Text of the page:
Now we will find out what Nikki sees in this story.
Moralistic, Magical Mess.
This is a supernatural, moralistic tale of two friends trying to save another friend from a life of drug addiction and prostitution. The author, Angie Skelhorn does a good job of describing the seedier side of life in her physical descriptions of the strip club and low life people that frequent it. I was drawn in by this and eagerly awaited more of the same, whilst wondering how she would incorporate the mystical/Wiccan theme.
Billed as a supernatural book, Severed Ties begins more like a Chick Lit novel. The characters talk about their missing friend using very girly dialogue and discussing what to wear. At first I was confused, waiting for some kind of paranormal activity to occur. When it did, I’m afraid I found it somewhat weak, bordering on cliché.
The witch/spiritual aspect of the story isn’t well developed. The only bit of magic they used was a pendant, a candle and a pack of cards, saying phrases like: ‘Oh spirit guide find our friend.” I found it all a bit tame and not dramatic or atmospheric enough for me. More magic comes into play towards the end of the book, but it isn’t particularly exciting. Things like astral projection, telepathy, some mist, a bit of transparency and that is it.
The main characters aren’t all that well developed, Sandra and Frankie don’t sound or behave all that differently to one another; they could be the same character almost.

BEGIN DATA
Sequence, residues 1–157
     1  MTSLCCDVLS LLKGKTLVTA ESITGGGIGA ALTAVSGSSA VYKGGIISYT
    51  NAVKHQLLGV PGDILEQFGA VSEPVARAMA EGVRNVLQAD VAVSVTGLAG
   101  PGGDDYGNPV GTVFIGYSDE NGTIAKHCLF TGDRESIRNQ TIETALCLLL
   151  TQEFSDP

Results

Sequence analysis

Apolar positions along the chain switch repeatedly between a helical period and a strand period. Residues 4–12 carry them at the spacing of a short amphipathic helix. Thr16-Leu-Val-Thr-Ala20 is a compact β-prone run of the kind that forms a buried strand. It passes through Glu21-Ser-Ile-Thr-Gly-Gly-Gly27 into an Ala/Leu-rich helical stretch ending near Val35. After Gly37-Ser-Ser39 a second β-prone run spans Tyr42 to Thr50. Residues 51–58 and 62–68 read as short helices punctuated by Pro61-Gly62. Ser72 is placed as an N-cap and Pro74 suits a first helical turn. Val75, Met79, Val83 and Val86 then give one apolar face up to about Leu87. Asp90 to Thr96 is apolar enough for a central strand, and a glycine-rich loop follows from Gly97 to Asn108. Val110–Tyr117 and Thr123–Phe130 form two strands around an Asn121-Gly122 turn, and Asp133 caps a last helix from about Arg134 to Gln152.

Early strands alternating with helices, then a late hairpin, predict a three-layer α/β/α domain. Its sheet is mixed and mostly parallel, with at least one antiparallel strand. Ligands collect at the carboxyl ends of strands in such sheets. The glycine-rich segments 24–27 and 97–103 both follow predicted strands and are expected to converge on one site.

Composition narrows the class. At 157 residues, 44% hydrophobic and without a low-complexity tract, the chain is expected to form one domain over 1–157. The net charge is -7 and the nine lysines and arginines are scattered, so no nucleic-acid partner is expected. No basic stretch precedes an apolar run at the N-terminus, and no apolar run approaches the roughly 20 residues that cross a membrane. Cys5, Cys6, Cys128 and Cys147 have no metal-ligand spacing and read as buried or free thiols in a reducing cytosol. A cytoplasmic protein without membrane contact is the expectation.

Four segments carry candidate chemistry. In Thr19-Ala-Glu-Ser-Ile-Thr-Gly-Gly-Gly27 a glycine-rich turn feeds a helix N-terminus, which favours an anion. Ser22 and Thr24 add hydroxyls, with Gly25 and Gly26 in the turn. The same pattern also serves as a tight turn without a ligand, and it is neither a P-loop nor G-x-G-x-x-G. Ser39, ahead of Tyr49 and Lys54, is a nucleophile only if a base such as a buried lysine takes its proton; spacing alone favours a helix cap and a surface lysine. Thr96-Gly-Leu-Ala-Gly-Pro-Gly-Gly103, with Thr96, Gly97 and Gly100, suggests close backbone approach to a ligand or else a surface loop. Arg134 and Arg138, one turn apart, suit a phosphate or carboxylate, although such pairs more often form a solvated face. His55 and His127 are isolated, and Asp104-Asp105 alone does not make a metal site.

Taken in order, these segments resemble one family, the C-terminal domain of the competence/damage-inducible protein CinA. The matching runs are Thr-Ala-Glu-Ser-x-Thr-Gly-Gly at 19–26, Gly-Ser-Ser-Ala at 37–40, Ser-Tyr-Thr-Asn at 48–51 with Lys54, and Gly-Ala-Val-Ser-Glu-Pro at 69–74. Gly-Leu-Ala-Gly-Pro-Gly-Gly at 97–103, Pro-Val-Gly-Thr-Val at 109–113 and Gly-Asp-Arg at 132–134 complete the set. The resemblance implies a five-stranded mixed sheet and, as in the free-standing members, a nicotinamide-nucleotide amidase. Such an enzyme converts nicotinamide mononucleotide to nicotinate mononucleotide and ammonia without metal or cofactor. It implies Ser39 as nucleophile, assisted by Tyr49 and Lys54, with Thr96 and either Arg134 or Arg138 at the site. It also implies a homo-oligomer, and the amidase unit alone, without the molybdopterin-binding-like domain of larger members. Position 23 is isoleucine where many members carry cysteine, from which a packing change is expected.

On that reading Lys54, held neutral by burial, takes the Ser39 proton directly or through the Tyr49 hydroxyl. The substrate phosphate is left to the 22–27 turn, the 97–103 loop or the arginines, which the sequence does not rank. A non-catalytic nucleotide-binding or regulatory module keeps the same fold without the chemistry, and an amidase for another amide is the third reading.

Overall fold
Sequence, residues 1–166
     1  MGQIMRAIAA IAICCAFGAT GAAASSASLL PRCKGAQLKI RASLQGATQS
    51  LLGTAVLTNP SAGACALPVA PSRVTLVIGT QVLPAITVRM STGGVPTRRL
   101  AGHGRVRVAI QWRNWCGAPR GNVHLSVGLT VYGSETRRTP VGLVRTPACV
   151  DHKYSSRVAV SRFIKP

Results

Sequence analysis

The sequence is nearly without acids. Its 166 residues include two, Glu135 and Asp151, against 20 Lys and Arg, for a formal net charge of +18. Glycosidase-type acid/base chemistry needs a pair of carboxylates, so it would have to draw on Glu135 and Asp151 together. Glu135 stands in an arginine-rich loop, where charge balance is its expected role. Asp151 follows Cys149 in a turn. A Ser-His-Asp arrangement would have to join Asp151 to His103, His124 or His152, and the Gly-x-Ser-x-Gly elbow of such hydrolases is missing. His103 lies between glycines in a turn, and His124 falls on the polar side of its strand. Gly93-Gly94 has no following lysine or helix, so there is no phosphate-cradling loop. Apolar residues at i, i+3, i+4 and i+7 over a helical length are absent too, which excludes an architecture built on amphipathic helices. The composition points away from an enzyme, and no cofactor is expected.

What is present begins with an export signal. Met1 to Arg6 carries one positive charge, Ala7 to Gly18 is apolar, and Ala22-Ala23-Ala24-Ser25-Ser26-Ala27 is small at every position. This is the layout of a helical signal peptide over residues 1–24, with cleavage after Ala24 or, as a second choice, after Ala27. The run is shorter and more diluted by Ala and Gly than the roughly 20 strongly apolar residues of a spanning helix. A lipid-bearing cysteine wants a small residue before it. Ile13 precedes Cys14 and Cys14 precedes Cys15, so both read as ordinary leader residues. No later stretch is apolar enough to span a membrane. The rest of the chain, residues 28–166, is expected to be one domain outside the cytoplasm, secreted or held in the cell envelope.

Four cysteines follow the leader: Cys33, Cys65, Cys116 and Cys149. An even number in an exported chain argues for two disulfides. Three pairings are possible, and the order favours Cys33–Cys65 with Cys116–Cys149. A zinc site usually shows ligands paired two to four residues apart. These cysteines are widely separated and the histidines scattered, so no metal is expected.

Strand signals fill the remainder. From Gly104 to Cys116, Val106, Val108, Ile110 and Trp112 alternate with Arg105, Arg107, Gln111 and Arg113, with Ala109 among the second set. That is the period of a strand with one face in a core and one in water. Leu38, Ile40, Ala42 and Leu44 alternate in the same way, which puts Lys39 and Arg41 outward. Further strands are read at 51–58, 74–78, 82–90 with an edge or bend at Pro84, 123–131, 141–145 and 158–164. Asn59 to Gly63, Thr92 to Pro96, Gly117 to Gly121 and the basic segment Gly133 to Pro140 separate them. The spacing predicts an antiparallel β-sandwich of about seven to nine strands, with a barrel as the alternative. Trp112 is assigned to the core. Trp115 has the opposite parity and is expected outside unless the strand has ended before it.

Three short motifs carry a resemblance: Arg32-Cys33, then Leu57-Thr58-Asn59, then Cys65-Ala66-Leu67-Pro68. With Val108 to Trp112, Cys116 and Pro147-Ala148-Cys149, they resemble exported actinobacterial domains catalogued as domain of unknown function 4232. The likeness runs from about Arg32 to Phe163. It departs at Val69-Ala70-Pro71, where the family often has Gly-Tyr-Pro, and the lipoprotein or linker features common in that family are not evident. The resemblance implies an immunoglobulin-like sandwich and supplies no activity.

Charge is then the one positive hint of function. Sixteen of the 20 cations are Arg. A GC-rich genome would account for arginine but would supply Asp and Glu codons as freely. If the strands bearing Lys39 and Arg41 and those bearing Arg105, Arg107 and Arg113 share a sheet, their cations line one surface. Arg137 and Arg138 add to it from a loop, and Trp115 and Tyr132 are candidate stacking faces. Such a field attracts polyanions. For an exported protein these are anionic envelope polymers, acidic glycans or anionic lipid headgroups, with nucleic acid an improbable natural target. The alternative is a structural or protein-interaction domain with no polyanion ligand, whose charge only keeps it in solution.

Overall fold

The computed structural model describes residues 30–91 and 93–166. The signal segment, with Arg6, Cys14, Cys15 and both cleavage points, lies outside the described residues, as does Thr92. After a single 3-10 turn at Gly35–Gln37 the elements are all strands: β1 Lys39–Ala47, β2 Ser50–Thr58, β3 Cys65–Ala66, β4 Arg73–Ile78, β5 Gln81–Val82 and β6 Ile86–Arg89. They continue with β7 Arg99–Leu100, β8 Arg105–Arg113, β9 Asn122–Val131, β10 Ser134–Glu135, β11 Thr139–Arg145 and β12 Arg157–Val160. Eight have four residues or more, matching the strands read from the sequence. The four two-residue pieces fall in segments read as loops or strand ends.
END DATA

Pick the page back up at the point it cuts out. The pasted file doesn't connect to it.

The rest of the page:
Frankie comes across as being rather judgmental and very up tight. When she has to work in a strip club in attempt to rescue Candice from a life of drugs and sexual exploitation, she reacts in a very puritanical way. This is good as it reinforces the personality of the character. I would have liked Angie Skelhorn to develop the characters more via their reaction to events that occur, so enabling a more satisfying narrative.
Sandra isn’t as well defined as Frankie and seems to be there as some kind of side-kick or conscience. She lies on the couch or the bed for much of the novel commenting on the clothes Frankie has to wear to go to the club. There was too much talk and not enough action. The drama of Candice’s predicament is good and I would have liked less long, often moralistic conversations between Frankie, Sandra and Calvin and more physical action and interaction to keep up the narrative pace. Chapter nine is one long conversation without any action to speak of
I did not think that the novel was very well written. I believe that the author needs to do some serious editing to make this work credible, as the sentences are often clumsy. The dialogue is stilted and qualified with unnecessary adverbs, verbs, and adjectives. I have copied a selection here, taken from the same conversation. It is littered with redundant phrases:
“She was sarcastic in her choice of tone. “What do you suggest I wear?”
“What do I do when I find her?” she asked softly.
“That will hardly cover my ass!” she said coolly, meeting his eyes straight on.
“Try it on,” he said, tossing her the mini dress.
“What a friggin’ nightmare,” she said in disbelief, leaving to change her clothes in the bathroom.
“We are not haunted. We are tuned in,” she answered, annoyed.”
I was not engaged in this story because it wasn’t saying anything that hasn’t been dealt with before, in far more exciting and interesting ways. The narrative was full of clichés and moralistic ramblings that got in the way of the action. Many chapters were just conversations and when the inevitable finale occurred I was relieved that something actually happened. The ending was another big cliché for me and far too simplistic. I felt the author just wanted to get her take on life and death out there via a rather unimaginative plotline and cardboard cutout characters. Some readers may enjoy this kind of witch/supernatural book, but I’m afraid I did not.
No need to do any fancy adding and diving here. Both Nikki Vision and Wordsmith Andi were on the same path with rating: 5 out of 10 TRB Stars.